A who’s-who of poverty experts outline an ambitious blueprint for “changing the narrative” about being poor in America. As they worked on assembling a new report on American poverty, a consortium of researchers fanned out across the U.S. to talk to people living in pockets of concentrated need—from rural Maine and the Lummi Nation of the Pacific Northwest to major cities like Chicago, Baltimore, Atlanta, and Detroit.
True for all of those in his line of work, the weeks leading up to Thanksgiving were Casey Grogan’s busiest time of year. Earlier in November, he harvested 70,000 Noble and Nordmann firs at Silver Bells Tree Farm, his Christmas-tree farm in the foothills of Oregon’s Cascade Mountain Range.
A burger on a drive-through dollar menu may seem like a great deal, but there are countless hidden costs to the environment and our health behind that low price. The same goes for what we wear: much like fast food, the “fast-fashion” industry is built on pumping out cheap, poor-quality goods—subsidizing its low prices with tolls on the environment and, often, human rights. In the era of fast fashion, enough clothing is produced each year to give 20 new items to each person on Earth.
Muck Rack makes it simple to find people, tweets, or articles that mention any name, keyword, company, hashtag etc. We've compiled this guide to help you make the most of your search.
Selecting a term
Start searching tweets, articles from media outlets, articles mentioned in tweets, journalists'
names, titles and bios with some suggested searches:
Companies or Topics (e.g. iPhone, Microsoft)
Phrases (e.g. "cloud computing") — use quotes to keep the terms together
Twitter handles (e.g. @username) — returns those who have mentioned or replied to
Names (e.g. "David Pogue")
Hashtags (e.g. #sxsw, #london2012)
Bio details (e.g. vegan, Olympics, father)
Muck Rack's Advanced Search allows for many boolean operators.
Find results that mention multiple specified terms, use AND or
+. For example, ensure each result contains both Elon Musk and Mark Zuckerberg by
searching Musk AND Zuckerberg or Musk + Zuckerberg.
Use the operators OR or , to broaden your search when you'd like either of
multiple terms to appear in results. (This is the default behavior of our search when no operators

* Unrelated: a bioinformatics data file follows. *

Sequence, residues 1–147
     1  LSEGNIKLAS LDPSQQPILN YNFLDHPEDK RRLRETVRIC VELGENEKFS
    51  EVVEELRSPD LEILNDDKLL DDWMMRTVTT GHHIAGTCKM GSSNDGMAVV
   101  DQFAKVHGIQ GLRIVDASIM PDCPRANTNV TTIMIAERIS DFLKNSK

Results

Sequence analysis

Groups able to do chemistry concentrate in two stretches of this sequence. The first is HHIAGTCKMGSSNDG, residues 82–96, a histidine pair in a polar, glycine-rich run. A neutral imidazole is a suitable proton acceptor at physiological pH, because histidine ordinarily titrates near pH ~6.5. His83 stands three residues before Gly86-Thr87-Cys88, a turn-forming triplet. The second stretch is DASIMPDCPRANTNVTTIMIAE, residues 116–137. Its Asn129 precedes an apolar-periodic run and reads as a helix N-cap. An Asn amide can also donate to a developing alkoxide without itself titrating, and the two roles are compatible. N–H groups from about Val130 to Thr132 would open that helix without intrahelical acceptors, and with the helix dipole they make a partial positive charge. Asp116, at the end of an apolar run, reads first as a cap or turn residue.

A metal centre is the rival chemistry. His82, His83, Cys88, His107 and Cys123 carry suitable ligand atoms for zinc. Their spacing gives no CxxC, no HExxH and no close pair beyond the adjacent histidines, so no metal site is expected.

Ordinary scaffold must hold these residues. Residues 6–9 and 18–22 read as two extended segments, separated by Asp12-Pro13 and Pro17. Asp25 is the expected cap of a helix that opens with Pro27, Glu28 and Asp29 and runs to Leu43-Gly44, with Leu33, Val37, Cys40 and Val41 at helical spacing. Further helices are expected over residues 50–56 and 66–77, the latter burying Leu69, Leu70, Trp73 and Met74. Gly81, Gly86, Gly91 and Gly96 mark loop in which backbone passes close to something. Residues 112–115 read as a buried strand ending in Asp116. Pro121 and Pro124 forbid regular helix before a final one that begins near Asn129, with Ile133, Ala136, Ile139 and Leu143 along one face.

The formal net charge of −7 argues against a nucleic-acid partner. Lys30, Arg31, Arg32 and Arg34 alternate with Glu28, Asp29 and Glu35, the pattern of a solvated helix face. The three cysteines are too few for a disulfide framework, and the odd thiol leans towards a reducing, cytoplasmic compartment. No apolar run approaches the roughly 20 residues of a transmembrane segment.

are used). For example, results will contain either cake or cookie by searching cake OR cookie or cake,cookie
Use NOT or - to subtract results from your search. For
example, searching Disney will yield results about the Walt Disney Company as well as Walt Disney
World Resort. To exclude mentions of Disney World, search for Disney -World or Disney
When using one of these operators with a phrase, enclose it in quotation marks. For example, you can
find results about smartphones excluding Apple's iPhone 4S by searching smartphone -"iPhone
Exact case matching or punctuation
If you're searching for a brand name or keyword that relies on specific punctuation marks or capitalization, you can
find results that match your exact query by adding matchcase: before the keyword you're searching for, like matchcase:E*TRADE .
Use parentheses to separate multiple
boolean phrases. For example, to find journalists talking about having fun in Disney World or
Disneyland, search for ("disney world" OR disneyland) AND fun.
An asterisk can be used to search for any variation of a root word truncated by the asterisk. For example, searching for admin* will return results for administrator, administration, administer, administered, etc.
A near operator is an AND operator where you can control the distance between the words. You can vary the distance the near operation uses by adding a forward slash and number (between 0-99) such as strawberries NEAR/10 "whipped cream", which means the strawberries must exist within 10 words of "whipped cream".